Turandot’s troubled history in China was not much touched upon at the seminar; but, it wasin fact banned for many decades, with Communist leaders disapproving of its unsympathetic and unrealistic portrayal of China. At its Chinese premiere in 1995, a ‘barbaric’ Central Asian setting was judged appropriate for such a misguided view of the Han. It was rehabilitated most spectacularly with Zhang Zhimou’s production at the Forbidden City in 1998, and as Chinese artists have become more confident and international – with the government’s consent - , the story (of Persian origin, by the way) has been appropriated for traditional Chinese Opera, as well as a ballet and a play. Tellingly, in this production, Turandot’s cruelty was underplayed, the execution of the Prince of Persia was invisible and the ghosts of the dead suitors did not materialize. Director Chen Xinyi, also doubled Turandot with two dancers, one dressed in black to embody her vengeful nature and evoke the unquiet shade of her abducted ancestor, and another in white to symbolize her gentler side and surrender to love. The opening tableau in Gao Guangjian’s design (resident designer at the centre, who also was responsible for the Forbidden City production), was one of the most spectacular I have ever seen, featuring dual-tiered hydraulic lifts, with the Mandarin and warriors descending as the chorus ascended from below as the inhuman scale of the imperial palace emerged. Unfortunately, no comparable visual coups enlivened the rest of the evening, though the audience with the Emperor was indeed spectacular and the third act set striking, with the Forbidden City moat discerned through a diagonal cracked wall that opened out as Liu ascended to heaven and ultimately let in the blazing light of the final tableau. In short, much of the evening, despite the somewhat distracting dancing doubles and overload of processions, looked reminiscent of the solid productions favoured at the Met and elsewhere in the 50’s and 60’s. Such a vast setting overwhelmed the Mask’s scene, which was slightly cut and featured distracting extras in the intimate reverie Ho una casa in Hunan.
At the seminar, a spokesman from the National Arts Academy spoke of how the evening reflected a speech by Chinese Vice-Premier Wen Jiabao, who posited the aspirational societal tenets ' Sincerity, Forgiveness and Love for All: with this in mind it would be foolish to expect Hao Weiya’s new conclusion to question the happy union of Turandot and Calaf as in Berio’s attempt. Alfano’s completion came in for a bashing at the seminar for fudging Turandot and Calaf’s first kiss, and for not rising to the challenge of a grand aria for Turandot, Del primo pianto. It is worth noting that awareness of Alfano’s first completion, in which the kiss is given a much stronger profile, with Turandot not immediately capitulating, was not remarked upon. This, of course, had been cut back by Toscanini, as it did not include musical material from Puccini’s sketches, evidence from which were in short supply throughout Hao’s completion. The kiss, (quieter and more reflective in Hao Waiya than Alfano mark II , accompanied by a snatch of Liu’s Act One aria Signore, ascolta- was the ice-princess supposed to morph into the slave girl here?) still passed by too quickly and unconvincingly, and a totally new version of Del primo pianto, printed in full in the programme, was blandly pentatonic, omitting the (admittedly rather casual) opening phrase that Puccini left in his sketches. Hao Weiya has travelled to Italy, is said to have some command of the language, and was the recipient of a residency from the Puccini foundation, located at the composer’s final home, Torre del Lago, which aided the completion project. Hao stated that ‘my greatest hope is that they can’t tell the difference between Puccini and me’. Alas, the connecting tissue between the few sketches that were utilized did not reveal Puccini’s harmonic or orchestral style, any more than Berio’s did. By virtue of being at least a close contemporary, Alfano’s flawed attempt, which attempts to weave a symphonic discourse using dramatically appropriate Puccinian musical material still beats both- hands down. Nessun Dorma did not appear in the final moments, with ‘Chinese-ness’, instead, being reinforced by a loud and spirited rendition of Mo li hua, the famous folk-tune used by Puccini for the ‘official’ side of Princess Turandot, a moment when both music and production teetered into kitsch. In any case, one cannot help thinking that if Puccini himself could not sort out Turandot’s ultimate riddle, why should others, lining up to be victims like Turandot’s hapless suitors? Watch Liu die, and go home.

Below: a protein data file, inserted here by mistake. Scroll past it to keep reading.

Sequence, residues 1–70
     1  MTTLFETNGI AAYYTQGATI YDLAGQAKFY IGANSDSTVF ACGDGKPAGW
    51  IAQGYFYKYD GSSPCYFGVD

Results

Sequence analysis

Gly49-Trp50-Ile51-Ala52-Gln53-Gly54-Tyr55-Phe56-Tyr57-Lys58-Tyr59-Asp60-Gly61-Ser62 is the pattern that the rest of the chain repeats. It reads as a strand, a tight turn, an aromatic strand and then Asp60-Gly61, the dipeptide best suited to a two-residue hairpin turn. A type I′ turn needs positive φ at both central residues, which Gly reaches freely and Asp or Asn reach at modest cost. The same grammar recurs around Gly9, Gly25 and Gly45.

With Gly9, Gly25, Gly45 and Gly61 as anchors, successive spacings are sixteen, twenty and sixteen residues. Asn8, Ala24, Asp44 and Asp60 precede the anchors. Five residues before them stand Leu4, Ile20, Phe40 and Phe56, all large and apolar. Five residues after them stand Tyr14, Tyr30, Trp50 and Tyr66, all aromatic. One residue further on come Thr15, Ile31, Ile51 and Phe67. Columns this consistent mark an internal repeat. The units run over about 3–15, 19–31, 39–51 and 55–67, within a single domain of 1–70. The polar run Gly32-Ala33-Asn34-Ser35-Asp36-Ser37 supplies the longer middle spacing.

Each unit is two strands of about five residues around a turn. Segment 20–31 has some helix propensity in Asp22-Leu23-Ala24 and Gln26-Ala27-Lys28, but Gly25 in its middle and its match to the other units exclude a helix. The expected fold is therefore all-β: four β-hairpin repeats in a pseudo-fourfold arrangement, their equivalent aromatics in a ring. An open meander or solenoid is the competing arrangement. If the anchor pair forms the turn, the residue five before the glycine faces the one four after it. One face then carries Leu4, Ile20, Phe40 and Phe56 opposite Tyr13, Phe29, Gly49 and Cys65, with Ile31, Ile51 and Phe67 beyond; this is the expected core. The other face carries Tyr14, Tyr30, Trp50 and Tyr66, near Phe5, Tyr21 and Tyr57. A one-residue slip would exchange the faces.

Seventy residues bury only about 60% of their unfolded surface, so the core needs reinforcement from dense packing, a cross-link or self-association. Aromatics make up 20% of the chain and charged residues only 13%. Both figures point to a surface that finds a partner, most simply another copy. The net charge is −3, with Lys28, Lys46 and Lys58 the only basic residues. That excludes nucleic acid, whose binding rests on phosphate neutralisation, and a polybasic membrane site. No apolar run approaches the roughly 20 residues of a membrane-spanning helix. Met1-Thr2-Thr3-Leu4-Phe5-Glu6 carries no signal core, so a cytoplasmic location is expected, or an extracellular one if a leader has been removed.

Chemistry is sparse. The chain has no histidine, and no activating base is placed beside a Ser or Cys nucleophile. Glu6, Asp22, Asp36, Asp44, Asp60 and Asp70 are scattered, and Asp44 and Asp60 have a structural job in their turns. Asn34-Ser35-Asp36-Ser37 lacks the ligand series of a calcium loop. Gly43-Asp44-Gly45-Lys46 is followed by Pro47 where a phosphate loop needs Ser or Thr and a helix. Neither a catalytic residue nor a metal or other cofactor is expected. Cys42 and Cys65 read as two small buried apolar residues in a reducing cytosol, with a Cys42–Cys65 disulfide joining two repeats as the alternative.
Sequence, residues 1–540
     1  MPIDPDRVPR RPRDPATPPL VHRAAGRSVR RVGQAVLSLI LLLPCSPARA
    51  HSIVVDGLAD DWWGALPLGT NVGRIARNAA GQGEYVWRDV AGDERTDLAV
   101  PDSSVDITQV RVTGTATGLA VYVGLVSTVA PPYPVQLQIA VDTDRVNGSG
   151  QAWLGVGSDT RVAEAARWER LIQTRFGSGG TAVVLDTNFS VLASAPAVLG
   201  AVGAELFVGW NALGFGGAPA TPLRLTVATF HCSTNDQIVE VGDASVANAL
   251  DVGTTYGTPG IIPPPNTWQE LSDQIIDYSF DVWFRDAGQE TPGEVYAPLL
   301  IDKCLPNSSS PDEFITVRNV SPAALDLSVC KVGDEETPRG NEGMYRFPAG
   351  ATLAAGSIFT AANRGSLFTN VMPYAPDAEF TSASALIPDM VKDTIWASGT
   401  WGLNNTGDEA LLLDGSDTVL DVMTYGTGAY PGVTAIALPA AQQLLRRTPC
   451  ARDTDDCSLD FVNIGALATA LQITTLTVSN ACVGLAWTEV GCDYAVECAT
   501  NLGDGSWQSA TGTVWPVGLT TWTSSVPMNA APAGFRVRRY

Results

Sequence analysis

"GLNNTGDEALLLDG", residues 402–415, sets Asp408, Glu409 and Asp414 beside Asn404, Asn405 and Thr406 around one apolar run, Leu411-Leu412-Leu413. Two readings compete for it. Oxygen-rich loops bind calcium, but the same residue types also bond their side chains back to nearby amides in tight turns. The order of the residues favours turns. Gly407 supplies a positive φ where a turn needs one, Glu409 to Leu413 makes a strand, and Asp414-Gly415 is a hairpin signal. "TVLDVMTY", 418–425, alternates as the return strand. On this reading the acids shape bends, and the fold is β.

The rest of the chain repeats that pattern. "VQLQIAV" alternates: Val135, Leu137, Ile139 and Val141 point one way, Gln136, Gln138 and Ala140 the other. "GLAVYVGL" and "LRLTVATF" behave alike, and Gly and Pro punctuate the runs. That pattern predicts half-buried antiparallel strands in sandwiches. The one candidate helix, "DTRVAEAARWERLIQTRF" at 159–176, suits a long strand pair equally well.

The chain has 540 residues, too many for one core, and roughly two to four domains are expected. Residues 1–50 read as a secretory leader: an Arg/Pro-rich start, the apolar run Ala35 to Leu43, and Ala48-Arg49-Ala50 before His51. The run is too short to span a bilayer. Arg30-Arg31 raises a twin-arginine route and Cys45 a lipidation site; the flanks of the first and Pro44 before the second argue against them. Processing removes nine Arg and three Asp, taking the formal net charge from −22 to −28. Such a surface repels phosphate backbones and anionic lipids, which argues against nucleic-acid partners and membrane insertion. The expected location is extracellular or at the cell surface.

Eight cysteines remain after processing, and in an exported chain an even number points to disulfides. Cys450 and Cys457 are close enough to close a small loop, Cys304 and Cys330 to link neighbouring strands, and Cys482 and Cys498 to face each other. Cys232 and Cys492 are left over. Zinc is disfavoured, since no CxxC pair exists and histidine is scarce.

At opening night (May 21st) Dai Yuqiang’s Calaf soared out loud and clear, though the stentorian top C’s tended to sharpness. Deficient in nuance, perhaps, he did generate sparks with veteran Giovanna Casolla’s icy Turandot, whose diction was clear and who could fine down her tone excitingly for dramatic and melting effect. Yao Hong’s Liu was quavery and ill-focused in the first act though was more compelling in her death scene; for some reason there was some sort of stampede in the stalls amongst the invited cadres during Signore Ascolta, which didn’t help. Tian Haojiang was a powerful, dignified and focused Timur, and Zhang Feng as Ping led the masks characterfully and made much of his remorse at Liu’s death. At a later performance (May 25th) Su Xiuwei mustered attractive tone for Turandot, but did not have the temperament or the diction to characterize her, and Nicola Martinucci’s Calaf revealed flashes of his former tenorial glory. Ma Mei’s Liu was more mettlesome than exquisite. Lu Jia, a Chinese conductor based in Rome, led an animated, fast-paced account at the premiere that skimmed over the many harmonic and orchestral piquancies that make Turandot such a showpiece. Giuseppe Acquaviva’s conducting (May 25th) was phlegmatic indeed. The orchestral playing was stodgy, unable to do justice to Puccini’s Ravel and Stravinsky inspired glitz. As in many new houses, the acoustic has teething troubles. From the centre stalls, the orchestra is over-blended; but, more troublingly, from the balcony it sounds as if it is being remixed and relayed from somewhere else – an impression reinforced by an over-amplified offstage band. The sound from the stage was more plausible, with the chorus sounding focused and the inner parts registering clearly. Visually, one got more of the grandeur of the stage picture from the cheaper seats. From the stalls, protruding semi-circular pillars at the sides of a not-too-wide stage reduced the view, even when only slightly off-centre. Mobile phone signals were blocked (other houses take note) the moment the music began, and for the many who attempted photography with mobiles and cameras, instead of being wrestled mid-show by scary attendants, as is customary here, they were mercilessly outed by laser lights, loosed on the offenders like will’o’the wisps in the auditorium.
Though Hao Weiya’s and Chen Xinyi’s view of Puccini’s swansong might not find favour in the West, this was a brave and imaginative calling card for a new house that aspires to its own repertory company and has high hopes of building its own tradition.
© JULIAN GRANT 2008. Published in OPERA magazine, June 2008